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Let $\mathcal{D}(\mathbb{R})$ be the continuous dual of $C^\infty_c(\mathbb{R})$, the space of compactly-supported smooth functions. There is a nice characterization of distributions $a\in\mathcal{D}(\mathbb{R})$ that are localized at a point $r\in\mathbb{R}$; $a$ must be a linear combination of distributional derivatives of the dirac $\delta$-distribution, $\delta_r$.

Let $M$ be a compact manifold and $\Lambda\subset M$ a closed submanifold. Let $\mathcal{D}(M)$ be the continuous dual of $C^\infty_c(M)$, i.e. $\mathcal{D}$ is the collection of zero-currents (in the sense of de Rham). Is there an analogous characterization of zero-currents that are localized along $\Lambda$?

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A special case is this:

Let $u\in\mathcal{E}'(\mathbb{R}^{n+m})$. Then $supp(u)\subseteq\mathbb{R}^n\times\{0\}$ iff $u$ is a linear combination of the form $\sum_{\substack{\alpha\in\{0\}\times\mathbb{N}^m \\ |\alpha|\leq k}} c_\alpha \partial^\alpha \iota(v_\alpha)$ for certain $v_\alpha\in\mathcal{E}'(\mathbb{R}^n)$. Here $\iota(v)$ denotes the distribution on $\mathbb{R}^{n+m}$ defined by $\langle \iota(v),\phi\rangle:=\langle v,\phi_{|\mathbb{R}^n}\rangle$.

The proof idea is to use a taylor expansion of $\phi$ orthogonal to $\mathbb{R}^n$, to show that $u$ vanishes on those functions whose orthogonal derivates up to the $k$th order vanish on $\mathbb{R}^n\times\{0\}$ and deduce the result.

(I suspect that a similar thing could be true for $u\in\mathcal{D}'$. In that case the order of $u$ is only locally bounded, to one would expect that that linear combination has to be replaced by some infinite (but locally finite) linear combination of derivatives)

By localizing and some application of change of coordinates I think this should extend to the following general result: If $u\in\mathcal{E}'(M,E)$ is a distributional section of a vector bundle $E$ on the riemannian manifold $M$ (in your case $E$ is the bundle of $n$-forms) and $S\subseteq M$ an embedded submanifold, then $supp(u)\subseteq S$ iff it is of the form $\sum_{a=0}^k \mathcal{L}_{X_{i1}} \cdots \mathcal{L}_{X_{ij_a}}\iota(v_a)$ for certain $v_a\in\mathcal{E}'(S,E_{|S})$ and certain vector fields $X_{ij} \in \Gamma(NS)$ where $NS\subseteq TM$ is the normal bundle of $S$ and $\iota:\mathcal{E}'(S,E_{|S})\to\mathcal{E}'(M,E)$ is the analogue embedding. Again, it might be the case that some version of this also holds for $\mathcal{D}'$ if one replace the finite sum by an locally finite series.

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  • $\begingroup$ Thanks very much! I have a couple of questions about your response. (i) I'm not sure how those Lie derivatives act on sections of the general vector bundle $E$; if $E$ is not a bundle of tensors, should these be covariant derivatives relative to some connection on E? (ii) If we don't introduce a metric on $M$, do you think the global characterization can be expressed in terms of sections of the abstract normal bundle $(\iota_S^*TM)/TS$? $\endgroup$ – Josh Burby Apr 17 '14 at 15:35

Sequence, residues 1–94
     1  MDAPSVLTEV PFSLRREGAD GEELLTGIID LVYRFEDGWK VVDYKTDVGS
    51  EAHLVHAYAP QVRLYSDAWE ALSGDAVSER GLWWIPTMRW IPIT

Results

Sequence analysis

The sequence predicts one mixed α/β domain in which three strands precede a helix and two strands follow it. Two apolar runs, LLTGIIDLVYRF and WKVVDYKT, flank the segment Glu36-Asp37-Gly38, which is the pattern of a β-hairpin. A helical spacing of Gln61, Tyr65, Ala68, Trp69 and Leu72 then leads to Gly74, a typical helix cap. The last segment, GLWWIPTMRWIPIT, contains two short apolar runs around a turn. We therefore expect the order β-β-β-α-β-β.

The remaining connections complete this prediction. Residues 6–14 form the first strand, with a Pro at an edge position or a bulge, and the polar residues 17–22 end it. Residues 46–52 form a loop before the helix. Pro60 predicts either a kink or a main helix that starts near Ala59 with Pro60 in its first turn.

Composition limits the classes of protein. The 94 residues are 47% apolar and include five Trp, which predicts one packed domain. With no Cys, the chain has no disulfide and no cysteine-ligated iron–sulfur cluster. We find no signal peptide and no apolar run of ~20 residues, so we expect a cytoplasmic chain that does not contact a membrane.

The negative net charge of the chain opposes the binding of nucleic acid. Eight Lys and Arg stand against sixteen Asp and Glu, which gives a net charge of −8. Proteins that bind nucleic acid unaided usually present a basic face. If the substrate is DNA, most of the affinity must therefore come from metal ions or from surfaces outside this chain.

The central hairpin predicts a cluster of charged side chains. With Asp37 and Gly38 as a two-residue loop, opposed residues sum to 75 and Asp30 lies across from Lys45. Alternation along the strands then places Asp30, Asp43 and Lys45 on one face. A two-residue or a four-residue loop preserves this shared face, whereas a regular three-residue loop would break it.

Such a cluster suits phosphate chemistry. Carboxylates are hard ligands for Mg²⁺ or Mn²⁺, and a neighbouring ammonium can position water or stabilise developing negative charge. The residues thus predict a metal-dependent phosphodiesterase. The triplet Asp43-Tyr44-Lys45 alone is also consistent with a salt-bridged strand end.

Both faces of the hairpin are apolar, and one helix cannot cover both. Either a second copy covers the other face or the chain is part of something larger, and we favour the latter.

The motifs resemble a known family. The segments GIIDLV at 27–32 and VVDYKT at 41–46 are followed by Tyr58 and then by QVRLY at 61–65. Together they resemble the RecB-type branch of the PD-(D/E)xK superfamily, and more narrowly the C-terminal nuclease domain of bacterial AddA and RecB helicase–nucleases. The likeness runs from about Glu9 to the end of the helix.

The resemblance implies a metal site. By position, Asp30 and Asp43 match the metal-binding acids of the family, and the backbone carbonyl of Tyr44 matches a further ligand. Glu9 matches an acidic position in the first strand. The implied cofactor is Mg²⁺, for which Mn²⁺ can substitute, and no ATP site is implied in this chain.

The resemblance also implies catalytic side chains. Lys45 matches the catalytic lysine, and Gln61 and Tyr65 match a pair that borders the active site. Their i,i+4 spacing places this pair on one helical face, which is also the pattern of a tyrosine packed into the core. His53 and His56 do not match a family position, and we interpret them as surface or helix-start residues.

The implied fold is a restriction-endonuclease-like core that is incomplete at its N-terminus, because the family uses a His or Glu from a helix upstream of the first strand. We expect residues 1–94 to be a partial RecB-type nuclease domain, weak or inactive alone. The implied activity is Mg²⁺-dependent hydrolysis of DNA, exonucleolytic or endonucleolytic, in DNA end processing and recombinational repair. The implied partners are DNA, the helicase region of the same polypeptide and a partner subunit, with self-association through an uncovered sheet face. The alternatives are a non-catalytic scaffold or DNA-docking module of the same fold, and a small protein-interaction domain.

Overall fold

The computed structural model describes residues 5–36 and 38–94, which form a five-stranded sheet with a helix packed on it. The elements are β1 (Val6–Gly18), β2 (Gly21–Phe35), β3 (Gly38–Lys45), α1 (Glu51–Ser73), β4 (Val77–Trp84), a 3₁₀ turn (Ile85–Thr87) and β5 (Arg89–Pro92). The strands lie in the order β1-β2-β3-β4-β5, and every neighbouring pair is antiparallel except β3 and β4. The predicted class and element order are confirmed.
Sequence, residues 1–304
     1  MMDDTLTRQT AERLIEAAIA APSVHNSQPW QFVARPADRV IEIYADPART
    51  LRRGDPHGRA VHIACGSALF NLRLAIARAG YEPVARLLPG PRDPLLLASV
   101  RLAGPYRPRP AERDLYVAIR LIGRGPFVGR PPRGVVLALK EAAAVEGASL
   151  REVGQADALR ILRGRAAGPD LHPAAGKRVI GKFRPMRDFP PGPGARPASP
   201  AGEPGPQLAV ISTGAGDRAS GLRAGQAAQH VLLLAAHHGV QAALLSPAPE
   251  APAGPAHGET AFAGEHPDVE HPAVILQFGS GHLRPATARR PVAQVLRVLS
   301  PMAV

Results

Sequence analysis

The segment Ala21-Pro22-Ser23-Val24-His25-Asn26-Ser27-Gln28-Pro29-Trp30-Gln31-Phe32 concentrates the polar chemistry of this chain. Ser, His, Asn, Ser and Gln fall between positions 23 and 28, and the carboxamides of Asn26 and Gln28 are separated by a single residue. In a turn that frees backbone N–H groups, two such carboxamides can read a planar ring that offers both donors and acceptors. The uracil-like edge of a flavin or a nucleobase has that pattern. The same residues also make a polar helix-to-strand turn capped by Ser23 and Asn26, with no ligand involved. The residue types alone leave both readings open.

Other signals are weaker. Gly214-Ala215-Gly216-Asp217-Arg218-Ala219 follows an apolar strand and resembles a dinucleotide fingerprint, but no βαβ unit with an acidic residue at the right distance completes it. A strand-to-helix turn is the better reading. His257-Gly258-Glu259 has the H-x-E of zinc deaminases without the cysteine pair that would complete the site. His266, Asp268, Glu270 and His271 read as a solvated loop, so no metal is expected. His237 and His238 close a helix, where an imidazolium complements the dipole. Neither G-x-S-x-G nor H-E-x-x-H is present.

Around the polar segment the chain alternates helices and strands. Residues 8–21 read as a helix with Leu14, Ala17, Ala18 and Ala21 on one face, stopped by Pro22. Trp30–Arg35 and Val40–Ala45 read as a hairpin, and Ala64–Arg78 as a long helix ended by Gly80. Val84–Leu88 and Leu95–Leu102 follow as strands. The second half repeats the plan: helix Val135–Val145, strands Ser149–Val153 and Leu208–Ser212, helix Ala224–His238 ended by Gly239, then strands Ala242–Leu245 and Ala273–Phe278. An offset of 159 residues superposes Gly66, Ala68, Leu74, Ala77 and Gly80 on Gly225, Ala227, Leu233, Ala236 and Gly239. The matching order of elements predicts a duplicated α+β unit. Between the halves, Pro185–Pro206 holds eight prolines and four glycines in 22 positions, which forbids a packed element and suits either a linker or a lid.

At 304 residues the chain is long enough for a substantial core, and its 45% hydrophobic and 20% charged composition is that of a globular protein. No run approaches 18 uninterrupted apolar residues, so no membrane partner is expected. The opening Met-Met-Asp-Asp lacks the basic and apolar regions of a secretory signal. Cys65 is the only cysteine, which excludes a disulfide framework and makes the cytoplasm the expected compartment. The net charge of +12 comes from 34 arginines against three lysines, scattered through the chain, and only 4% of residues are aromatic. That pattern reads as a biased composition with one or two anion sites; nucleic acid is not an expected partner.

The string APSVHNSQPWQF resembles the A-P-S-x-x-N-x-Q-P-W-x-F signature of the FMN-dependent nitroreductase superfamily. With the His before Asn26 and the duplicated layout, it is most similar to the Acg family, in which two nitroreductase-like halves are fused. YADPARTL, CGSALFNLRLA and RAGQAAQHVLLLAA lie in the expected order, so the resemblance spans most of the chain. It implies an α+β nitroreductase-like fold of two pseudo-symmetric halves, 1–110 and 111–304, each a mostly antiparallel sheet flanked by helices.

• $\begingroup$ (i) I'm not as familiar with the different notions of derivatives as I would like so that was basically guessing. I think something like $\mathcal{L}_X s := \lim_{t\to 0}\frac{1}{t}(s\circ\phi_t^X - s)$ could work where $\phi_t^X$ is the flow of $X$. (ii) I've been thinking about that as well and I realized that in the special case we don't need to restrict $\alpha$ to $0\times\mathbb{N}^m$, since any derivation in $\mathbb{R}^n\times 0$ can be absorbed into $v_\alpha$ if we'd like. Therefore we could equivalently write $u =\sum_{\alpha} \partial^\alpha \iota(v_\alpha')$. This looks like ... $\endgroup$ – Johannes Hahn Apr 17 '14 at 16:22
  • $\begingroup$ ... something that might be generalized to arbitrary smooth manifolds (one has to be careful with the dualizing process because one has no longer a canonical density against which one could integrate). Another guess would be that $u = \sum_a \mathcal{L}_{X_{i1}} \cdots \mathcal{L}_{X_{ij_i}} \iota(v_a)$ is true were $X_{ij}$ is now an arbitrary vector field $X_{ij}\in\Gamma(TM)$. But, as I said, this is just a guess. $\endgroup$ – Johannes Hahn Apr 17 '14 at 16:25
  • $\begingroup$ The hitch in this definition of $\mathcal{L}_Xs$ is that $s(\phi^X_t(m))$ and $s(m)$ live in different fibers of $E$, and so can't be subtracted. However, when $E$ is a bundle of tensors (and $\mathcal{L}_X$ is the vanilla Lie derivative), I now understand that your ansatz for $u$ is indeed the most general $u$ localized along $S$. Thank you again! $\endgroup$ – Josh Burby Apr 17 '14 at 18:05

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